Climate

Shell Agrees To Pay $83 Million For Devastating Nigerian Oil Spill

CREDIT: AP/Sunday Alamba

In this June 20, 2010 photo, men walk in an oil slick covering a creek near Bodo City in the oil-rich Niger Delta region of Nigeria.

Oil giant Royal Dutch Shell has agreed to pay a Nigerian fishing community for two massive oil spills that devastated the Niger Delta region in 2008 and 2009. Shell will give $53 million of the $83 million settlement, one of the largest settlements ever in Africa, to 15,600 fishermen and farmers with the remaining $30 million going to the broader Bodo community. This is the first time that compensation for an oil spill has been paid directly to affected individuals, according to the BBC.

The settlement “is thought to be one of the largest payouts to an entire community following environmental damage,” the claimants’ London lawyer, Leigh Day, said. With the out-of-court settlement, Shell avoids having to defend what could have been a negatively portrayed high court case in London that was due to start shortly.

The company has maintained that the vast extent of environmental degradation from oil in the area was not caused by its negligence, but by “the scourge of oil theft and illegal refining.” However, documents obtained in November revealed that company employees warned Shell that the aging pipeline was at risk. Internal documents showed that the pipeline — which eventually spilled up to 500,000 barrels of oil — had reached the end of its life several years before the spill.

Following the spill, a 2011 Amnesty International report found that the spill caused the price of food to rise and contaminated water supplies. A U.N. report estimated it could take up to three decades to fully rehabilitate the Ogoniland region where Shell has been operating for years.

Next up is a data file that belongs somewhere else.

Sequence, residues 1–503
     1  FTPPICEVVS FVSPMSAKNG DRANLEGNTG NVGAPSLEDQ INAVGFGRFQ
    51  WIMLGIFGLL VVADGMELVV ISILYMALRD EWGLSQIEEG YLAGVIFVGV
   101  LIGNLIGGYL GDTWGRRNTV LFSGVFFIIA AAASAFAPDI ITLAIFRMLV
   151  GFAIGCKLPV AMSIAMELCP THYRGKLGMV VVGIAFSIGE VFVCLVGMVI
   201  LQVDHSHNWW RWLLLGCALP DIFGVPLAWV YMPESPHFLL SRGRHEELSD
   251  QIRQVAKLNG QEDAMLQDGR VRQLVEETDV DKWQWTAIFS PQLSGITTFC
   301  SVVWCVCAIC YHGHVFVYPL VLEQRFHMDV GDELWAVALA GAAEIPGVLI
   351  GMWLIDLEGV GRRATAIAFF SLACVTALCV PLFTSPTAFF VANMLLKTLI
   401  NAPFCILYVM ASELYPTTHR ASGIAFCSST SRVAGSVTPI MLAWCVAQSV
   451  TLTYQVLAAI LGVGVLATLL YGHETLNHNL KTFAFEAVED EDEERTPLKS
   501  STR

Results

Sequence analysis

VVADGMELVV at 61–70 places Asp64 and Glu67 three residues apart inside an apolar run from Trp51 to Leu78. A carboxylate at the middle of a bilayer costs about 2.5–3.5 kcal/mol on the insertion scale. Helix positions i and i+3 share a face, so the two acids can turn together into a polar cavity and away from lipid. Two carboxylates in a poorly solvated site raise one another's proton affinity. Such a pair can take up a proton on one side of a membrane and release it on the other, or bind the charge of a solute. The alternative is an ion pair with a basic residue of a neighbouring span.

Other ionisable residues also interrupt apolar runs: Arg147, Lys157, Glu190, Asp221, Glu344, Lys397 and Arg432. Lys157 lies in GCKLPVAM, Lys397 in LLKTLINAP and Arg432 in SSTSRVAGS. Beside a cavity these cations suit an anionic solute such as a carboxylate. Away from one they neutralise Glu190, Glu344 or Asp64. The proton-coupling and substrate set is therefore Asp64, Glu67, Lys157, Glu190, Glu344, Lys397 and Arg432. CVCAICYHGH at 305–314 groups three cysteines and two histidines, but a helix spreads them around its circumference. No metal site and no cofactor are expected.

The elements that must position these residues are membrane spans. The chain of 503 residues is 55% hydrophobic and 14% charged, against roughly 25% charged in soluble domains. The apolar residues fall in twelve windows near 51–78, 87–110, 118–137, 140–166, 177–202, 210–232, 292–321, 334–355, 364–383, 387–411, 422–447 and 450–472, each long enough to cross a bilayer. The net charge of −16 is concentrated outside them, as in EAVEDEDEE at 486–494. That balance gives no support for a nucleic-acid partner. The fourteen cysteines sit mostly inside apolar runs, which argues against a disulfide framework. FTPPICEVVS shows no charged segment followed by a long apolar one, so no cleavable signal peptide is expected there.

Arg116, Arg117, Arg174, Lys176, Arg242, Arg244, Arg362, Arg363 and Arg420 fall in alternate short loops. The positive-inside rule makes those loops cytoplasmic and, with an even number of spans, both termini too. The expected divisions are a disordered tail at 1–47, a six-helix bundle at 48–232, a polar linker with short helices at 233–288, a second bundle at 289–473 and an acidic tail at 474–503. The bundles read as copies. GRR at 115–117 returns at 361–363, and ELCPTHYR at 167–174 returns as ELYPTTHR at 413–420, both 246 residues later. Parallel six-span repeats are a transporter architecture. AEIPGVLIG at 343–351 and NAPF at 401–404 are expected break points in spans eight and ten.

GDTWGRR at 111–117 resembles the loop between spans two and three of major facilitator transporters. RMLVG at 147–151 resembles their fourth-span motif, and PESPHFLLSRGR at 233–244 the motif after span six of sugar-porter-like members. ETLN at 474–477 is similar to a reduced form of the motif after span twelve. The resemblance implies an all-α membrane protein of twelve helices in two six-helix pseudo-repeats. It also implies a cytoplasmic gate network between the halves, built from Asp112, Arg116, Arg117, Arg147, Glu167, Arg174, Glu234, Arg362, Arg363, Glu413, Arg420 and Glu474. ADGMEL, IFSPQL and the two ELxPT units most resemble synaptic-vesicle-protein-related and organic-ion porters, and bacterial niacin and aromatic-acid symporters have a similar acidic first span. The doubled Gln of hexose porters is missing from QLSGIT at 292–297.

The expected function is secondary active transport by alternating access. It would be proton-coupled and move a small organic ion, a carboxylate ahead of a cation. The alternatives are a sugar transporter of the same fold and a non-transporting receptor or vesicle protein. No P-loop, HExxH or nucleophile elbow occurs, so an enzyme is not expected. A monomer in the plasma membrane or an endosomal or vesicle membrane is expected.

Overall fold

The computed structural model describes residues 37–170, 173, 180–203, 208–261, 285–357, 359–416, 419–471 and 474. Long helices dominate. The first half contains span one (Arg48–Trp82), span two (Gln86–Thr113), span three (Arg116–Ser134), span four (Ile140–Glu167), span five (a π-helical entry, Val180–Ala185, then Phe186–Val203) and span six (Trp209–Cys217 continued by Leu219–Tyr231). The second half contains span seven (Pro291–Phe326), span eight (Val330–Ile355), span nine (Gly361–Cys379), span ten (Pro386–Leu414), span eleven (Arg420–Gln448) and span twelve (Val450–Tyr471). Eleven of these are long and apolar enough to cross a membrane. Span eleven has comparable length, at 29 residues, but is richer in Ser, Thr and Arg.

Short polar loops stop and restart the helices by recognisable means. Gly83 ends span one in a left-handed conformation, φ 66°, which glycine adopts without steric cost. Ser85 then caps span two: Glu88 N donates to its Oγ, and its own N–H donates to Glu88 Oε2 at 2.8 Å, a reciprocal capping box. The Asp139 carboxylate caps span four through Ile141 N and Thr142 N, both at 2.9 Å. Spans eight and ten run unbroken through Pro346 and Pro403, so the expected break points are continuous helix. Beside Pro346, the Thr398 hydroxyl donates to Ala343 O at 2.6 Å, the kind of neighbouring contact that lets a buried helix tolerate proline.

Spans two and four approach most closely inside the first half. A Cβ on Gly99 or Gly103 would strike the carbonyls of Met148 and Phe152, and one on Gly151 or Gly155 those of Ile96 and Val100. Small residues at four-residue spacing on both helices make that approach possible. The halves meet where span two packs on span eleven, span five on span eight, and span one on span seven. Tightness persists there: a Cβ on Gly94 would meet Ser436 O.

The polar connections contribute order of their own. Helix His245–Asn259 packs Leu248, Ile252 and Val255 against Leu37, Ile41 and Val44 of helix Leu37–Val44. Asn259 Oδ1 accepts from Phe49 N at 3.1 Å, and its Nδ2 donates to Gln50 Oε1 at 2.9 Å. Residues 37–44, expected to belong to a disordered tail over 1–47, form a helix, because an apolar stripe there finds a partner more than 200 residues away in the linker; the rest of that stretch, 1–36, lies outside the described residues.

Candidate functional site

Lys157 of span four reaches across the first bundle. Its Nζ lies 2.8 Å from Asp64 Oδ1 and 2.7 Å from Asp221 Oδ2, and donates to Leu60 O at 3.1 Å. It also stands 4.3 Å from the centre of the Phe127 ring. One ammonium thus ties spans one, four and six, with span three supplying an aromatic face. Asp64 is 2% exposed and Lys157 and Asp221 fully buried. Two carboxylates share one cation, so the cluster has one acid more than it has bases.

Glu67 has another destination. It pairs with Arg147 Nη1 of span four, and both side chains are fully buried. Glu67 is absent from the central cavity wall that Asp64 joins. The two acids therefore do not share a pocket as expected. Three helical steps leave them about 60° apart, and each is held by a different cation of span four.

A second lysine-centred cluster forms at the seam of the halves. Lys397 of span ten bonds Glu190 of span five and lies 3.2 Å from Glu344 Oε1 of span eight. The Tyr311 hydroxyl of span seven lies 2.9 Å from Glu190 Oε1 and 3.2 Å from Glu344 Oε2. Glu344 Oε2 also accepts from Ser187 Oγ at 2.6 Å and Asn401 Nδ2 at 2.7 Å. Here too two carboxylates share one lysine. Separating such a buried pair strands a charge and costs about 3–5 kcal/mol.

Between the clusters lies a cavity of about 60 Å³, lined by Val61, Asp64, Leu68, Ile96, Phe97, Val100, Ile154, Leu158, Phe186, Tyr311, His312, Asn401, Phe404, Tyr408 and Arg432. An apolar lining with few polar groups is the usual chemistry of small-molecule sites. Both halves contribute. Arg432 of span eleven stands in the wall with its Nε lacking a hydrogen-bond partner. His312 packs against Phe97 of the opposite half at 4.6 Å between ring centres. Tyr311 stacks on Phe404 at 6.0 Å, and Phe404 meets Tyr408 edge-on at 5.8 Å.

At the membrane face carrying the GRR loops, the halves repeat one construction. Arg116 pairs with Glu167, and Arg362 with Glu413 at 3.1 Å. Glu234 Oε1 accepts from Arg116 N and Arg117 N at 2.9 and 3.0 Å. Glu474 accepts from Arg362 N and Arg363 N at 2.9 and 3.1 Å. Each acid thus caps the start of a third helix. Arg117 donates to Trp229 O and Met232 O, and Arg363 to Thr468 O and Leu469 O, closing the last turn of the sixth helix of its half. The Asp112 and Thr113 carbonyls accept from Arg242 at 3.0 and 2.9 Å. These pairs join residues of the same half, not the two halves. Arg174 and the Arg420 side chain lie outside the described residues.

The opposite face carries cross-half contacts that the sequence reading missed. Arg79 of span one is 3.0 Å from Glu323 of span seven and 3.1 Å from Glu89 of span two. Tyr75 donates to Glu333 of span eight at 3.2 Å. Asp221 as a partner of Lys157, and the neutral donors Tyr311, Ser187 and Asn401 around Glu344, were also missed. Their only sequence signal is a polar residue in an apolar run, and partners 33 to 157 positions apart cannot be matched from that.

After this three-year legal battle, the farmers and fisherman most impacted by the spill will now receive $3,300 each as compensation, which could equal several years’ earnings. London lawyer Martyn Day, who had just returned from a trip to the region with more than a dozen other lawyers to help set up bank accounts for those in need, told the Guardian that every single one of the 15,600 claimants said yes to the deal.

The broader environmental community responded positively to the developments, but warned that there is still much work do to.

“The compensation is a step towards justice for the people of Bodo, but justice will be fully achieved when Shell properly cleans up the heavily polluted creeks and swamps so that those who rely on fishing and farming for their income can begin to rebuild their livelihoods,” said Styvn Obodoekwe, Director of Programmes of the Centre for Environment, Human Rights and Development, in a statement.

While Shell said they’ve accepted responsibility for the spills since the outset, their original compensation offer was as low as $6,000 to the entire community.

Oil is a growing industry in Nigeria and environmental damage continues to be a major concern. Hundreds of spills occur every year in the country, which is Africa’s largest oil producer.